Intelligence community, watchdog keep relationship tougher than 2022


Newly released documents say the intelligence community’s relationship with its main watchdog has been particularly strained over the past year due to the “level of resistance” to surveillance.

The review appears in brief documents prepared for Canada’s top civil servant ahead of a meeting in late January with the chairman of the National Security and Intelligence Review Agency.

The notes were released to the Canadian Press in response to a request by the Privy Council Office under the Access to Information Act.

This is just the latest sign of serious tension between the spy watchdog and the federal intelligence agencies it oversees.

It follows the recent release of intelligence review agency files complaining about a culture within the Media Security Agency about “resisting and obstructing” independent review, frustrating efforts to ensure that cyber espionage services comply with the law.

The latest note comes as the RCMP is investigating leaks of classified information to the media – including details of Canadian Security Intelligence Agency reports – related to allegations of Chinese foreign interference. into Canadian political affairs.

In January, national security adviser Jody Thomas sent a memo to Privy Council Secretary Janice Charette informing her ahead of a meeting with the chair of the intelligence assessment agency, known as NSIRA .

“The President considers that there is still a degree of resistance to NSIRA reviews and may seek your assistance in enhancing the culture of review with Government of Canada departments and agencies, ” wrote the memo.

Created in 2019, NSIRA is an independent agency that reports to Congress, assessing all federal national security and intelligence activities to ensure they are lawful, reasonable, and necessary. It also investigates complaints from the public regarding national security agencies and operations.

The underlying documents accompanying the memo from Thomas say that the rating agency’s relationships with many organizations “have been challenging.”

Contributing factors include the need for the department to adapt to the new assessment requirements without additional resources, as well as NSIRA’s broad interpretation of its mission and the methods it uses. it did, the docs said.

They added that chair Marie Deschamps, a former Supreme Court justice, recently met with Thomas and acknowledged that adapting to new assessment methods takes time and that “the culture of review is improving.” in the security and intelligence community.

The preface to the proposed “talking points” for Charette, as she prepared to meet Deschamps, noted that ministers and delegates were “surprised at the topics raised and the level of detail with which the subject mattered. panel discussion in bilateral discussions.”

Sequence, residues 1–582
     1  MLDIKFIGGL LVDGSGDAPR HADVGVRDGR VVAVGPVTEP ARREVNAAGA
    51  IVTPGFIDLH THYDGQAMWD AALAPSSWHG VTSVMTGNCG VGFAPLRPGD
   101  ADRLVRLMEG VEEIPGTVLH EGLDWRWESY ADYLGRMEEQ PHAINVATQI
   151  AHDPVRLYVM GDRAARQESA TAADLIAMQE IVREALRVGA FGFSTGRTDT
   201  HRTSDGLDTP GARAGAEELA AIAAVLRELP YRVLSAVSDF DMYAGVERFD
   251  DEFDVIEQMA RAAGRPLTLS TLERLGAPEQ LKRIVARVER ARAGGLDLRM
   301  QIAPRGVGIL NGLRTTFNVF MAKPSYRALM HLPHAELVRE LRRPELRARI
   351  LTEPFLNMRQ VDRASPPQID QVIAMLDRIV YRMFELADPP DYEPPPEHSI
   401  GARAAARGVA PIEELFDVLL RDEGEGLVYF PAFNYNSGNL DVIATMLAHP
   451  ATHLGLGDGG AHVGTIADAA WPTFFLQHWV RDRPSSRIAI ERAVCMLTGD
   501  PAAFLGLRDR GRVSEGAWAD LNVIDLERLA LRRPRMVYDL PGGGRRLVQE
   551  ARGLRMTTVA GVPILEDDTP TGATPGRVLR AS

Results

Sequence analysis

Charette was advised to tell Deschamps that the Privy Council Office and the entire security and intelligence community had recognized the importance of independent, external review.

“I know that, from the community’s point of view, departmental relationships with NSIRA have been particularly strained over the past year,” the proposed discussion points read.

“I can assure you that these relationship difficulties are not and in my opinion should never be underestimated the importance of NSIRA’s evaluation function. We cannot have a culture of reflection. resistance or reluctance to respond to assessment requests.”

The notes also cite the Privy Council Office’s desire for all parties to commit to “a higher level of engagement at senior management” to address strategic issues and foster relationships relationship.

“This includes strengthening communication between NSIRA and the PCO, where there is a dedicated team that coordinates across all departments on strategic and horizontal issues that arise during the review process.”

The notes say that the intelligence community has made progress in ensuring the review agency has access to departmental information. In some cases, this includes creating independent computer areas for review agency analysts to work within or allowing on-site validation tests to be performed in the presence of of employees from both organizations.

“Departments now provide responses to all NSIRA recommendations, and the PCO monitors and reports on the status of implementation of the recommendations.”

When asked about the notes, the intelligence review agency said it continues to engage with members of the security community “to ensure appropriate responsiveness and access to relevant documents.” necessary for our work.”

Details of progress and remaining concerns will be discussed in the review body’s upcoming annual report.

Pierre-Alain Bujold, a spokesman for the PCO, said the central agency welcomes the review of security operations “and understands that accountability and transparency in implementation, these activities will create build public trust.”

He noted the most recent federal budget earmarked $53 million for ministries and agencies with security and intelligence duties, saying that would help them fulfill their obligation to comply with review requirements under the law. decisions in a timely manner and implement recommendations.

“All Canadians will ultimately benefit from increased accountability and transparency of national security and intelligence operations,” Bujold said.

This report by The Canadian Press was first published on June 5, 2023.


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